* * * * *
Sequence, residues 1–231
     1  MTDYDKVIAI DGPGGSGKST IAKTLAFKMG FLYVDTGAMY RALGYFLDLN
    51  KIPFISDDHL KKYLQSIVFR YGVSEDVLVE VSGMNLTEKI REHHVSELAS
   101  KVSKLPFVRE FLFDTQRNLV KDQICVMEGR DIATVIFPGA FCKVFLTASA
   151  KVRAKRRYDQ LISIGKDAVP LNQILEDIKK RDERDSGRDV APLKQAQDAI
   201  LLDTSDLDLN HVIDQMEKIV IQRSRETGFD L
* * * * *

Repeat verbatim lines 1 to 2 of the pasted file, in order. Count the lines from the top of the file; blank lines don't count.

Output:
Sequence, residues 1–231
     1  MTDYDKVIAI DGPGGSGKST IAKTLAFKMG FLYVDTGAMY RALGYFLDLN